My King


Luke 23:46 Jesus called out with a loud voice, “Father, into your hands I commit my spirit.” When he said this, he breathed his last.

What would you like to be “king” of? At different stages of life, we aspire to be king over different things. When I was four or five, I would have been happy to be king of my own bedtimes, to be the ruler of my night time hours. That power was beyond reach, but one can always dream.

As we grow older, the dreams and goals change. In our teens we would like to have control over our transportation, own a car, be kings of our travel. In adulthood life becomes more complex. We scramble to be kings of our finances, our careers, our family life, and our waist lines. None of these are ever completely under our control. Cars break down and investments fail. Jobs are terminated and family members all have a mind of their own. Metabolisms slow down.  Still, we strive to become the kings of our own little corner of the universe.

Then there are those who thirst for power over others. They set their eyes on ruling a company, or even a nation. A few madmen have entertained notions of ruling the entire world. Then everyone would bow down and call them “king.”

The thirst for power and control stems from the very first sin of our very first parents. No longer willing to live under God, they wanted to be like God and replace him in their lives. They would make the decisions about right and wrong. They would choose their own path. They would rule the world the way that they wanted it to be. Isn’t that what we want, too? Let’s not deceive ourselves. Even our service in the church is often more about making things the way we want them to be than it is about seeing God’s will fulfilled. The words Milton gives Satan in Paradise Lost occupy some dark corner of our own souls, “It’s better to rule in hell than to serve in heaven.”

Neither the most powerful dictator or most glorious emperor ever possessed power like Jesus did. “What kind of man is this? Even the winds and the waves obey him!” His disciples exclaimed when he calmed the storm. Lifeless loaves of bread grew and multiplied in his hands. Sickened, crippled bodies became whole and healthy at his touch. Souls returned and re-inhabited the dead at his command. Even the demons fled in terror when he rebuked them. What other king on earth ever ruled a kingdom like Jesus ruled?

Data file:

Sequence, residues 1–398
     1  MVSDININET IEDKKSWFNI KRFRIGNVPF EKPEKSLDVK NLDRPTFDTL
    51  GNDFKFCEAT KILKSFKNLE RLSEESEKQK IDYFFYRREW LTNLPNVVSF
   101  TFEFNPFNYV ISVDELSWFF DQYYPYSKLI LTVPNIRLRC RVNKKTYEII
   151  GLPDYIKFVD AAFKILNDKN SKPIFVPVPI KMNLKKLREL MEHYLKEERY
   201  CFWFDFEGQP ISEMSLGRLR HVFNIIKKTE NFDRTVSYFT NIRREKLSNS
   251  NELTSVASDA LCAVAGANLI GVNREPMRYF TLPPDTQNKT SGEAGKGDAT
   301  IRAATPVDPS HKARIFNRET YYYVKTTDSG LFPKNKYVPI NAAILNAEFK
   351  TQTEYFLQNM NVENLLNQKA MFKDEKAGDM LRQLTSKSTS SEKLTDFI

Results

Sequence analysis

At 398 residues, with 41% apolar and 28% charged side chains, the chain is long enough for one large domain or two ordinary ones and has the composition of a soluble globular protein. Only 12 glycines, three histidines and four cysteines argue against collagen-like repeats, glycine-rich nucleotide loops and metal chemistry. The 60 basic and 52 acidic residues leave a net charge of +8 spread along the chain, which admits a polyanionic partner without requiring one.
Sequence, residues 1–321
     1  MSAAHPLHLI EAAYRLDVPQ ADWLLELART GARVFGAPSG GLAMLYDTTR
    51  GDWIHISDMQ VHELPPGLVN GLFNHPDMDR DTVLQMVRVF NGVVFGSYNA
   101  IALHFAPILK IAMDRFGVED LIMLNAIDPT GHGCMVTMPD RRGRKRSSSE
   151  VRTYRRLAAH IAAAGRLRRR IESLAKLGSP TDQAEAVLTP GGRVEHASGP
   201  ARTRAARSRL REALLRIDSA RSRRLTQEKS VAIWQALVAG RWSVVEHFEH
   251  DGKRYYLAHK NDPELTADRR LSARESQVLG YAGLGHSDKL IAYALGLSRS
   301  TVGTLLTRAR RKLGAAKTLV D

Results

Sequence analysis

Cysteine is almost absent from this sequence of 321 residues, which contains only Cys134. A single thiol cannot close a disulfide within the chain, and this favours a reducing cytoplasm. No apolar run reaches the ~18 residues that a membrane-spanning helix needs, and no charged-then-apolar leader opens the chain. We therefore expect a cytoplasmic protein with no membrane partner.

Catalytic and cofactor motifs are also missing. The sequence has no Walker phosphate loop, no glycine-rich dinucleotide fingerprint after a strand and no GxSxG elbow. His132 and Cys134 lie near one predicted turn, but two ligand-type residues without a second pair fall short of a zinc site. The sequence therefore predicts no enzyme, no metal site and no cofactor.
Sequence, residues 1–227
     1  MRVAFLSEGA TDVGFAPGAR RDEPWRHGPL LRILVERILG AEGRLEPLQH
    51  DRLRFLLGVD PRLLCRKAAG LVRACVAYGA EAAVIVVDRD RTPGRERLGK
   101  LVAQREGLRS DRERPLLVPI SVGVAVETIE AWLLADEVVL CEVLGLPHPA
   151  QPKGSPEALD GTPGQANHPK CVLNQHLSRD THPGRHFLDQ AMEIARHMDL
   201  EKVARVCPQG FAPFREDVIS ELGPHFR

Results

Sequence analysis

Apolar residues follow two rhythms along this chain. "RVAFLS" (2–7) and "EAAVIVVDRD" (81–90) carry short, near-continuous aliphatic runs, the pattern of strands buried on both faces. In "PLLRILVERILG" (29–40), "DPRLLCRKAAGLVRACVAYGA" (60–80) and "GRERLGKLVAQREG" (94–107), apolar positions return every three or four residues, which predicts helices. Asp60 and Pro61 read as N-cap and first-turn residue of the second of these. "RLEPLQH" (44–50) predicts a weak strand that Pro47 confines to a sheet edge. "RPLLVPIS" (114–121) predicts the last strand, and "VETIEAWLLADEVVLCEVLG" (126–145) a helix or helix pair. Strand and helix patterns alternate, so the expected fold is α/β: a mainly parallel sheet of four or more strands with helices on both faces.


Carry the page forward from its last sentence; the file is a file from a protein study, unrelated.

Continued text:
Do you suppose that Jesus left this kingship behind when he went to the cross? He looks so passive and helpless there. But that agonizing suffering and death is rather a marvel of his power and control. At every moment he had the power to stop it. Though he dreaded the price he would pay for our sins, as we know from his prayer in Gethsemane, Jesus controlled even himself. He ruled over his fear and dread of the cross. He suffered willingly. This man suffered pain and agony of body and soul unknown to anyone else who has ever lived, but he did not give in to the impulse to escape and find relief. Even when he cries out to the Father, “My God, my God, why have you forsaken me?” does this move him to give up, to admit that it is too much for him, to go away in defeat? Only the most powerful King of heaven and earth could endure what Jesus endured to the very end.

And then there are the final words from his lips: “Father, into your hands I commit my Spirit.” Jesus is the King of this world with all its forces. He is Ruler of his own mind and will. Now he is also the Lord of life and death. “The reason my Father loves me is that I lay down my life– only to take it up again. No one takes it from me, but I lay it down of my own accord. I have authority to lay it down, and authority to take it up again” (John 10:17-18). Jesus dies when he chooses. His own soul stays or goes only at his command. And now he says to his soul, “Go! Go to my Father. Everything I came to accomplish has been done.”

Why does Jesus rule like this? Why does the King subject himself to suffering and death? The Kingship Jesus covets is not to be king of the weather, or king of diseases, or king of the demons. He does all this so that he can be the King of our hearts. He suffers and dies to purify them from the sins that otherwise make them unfit for his kingdom. He reveals such love to win those hearts to his side and bring them home.

He gives up his soul to be King of you and me.

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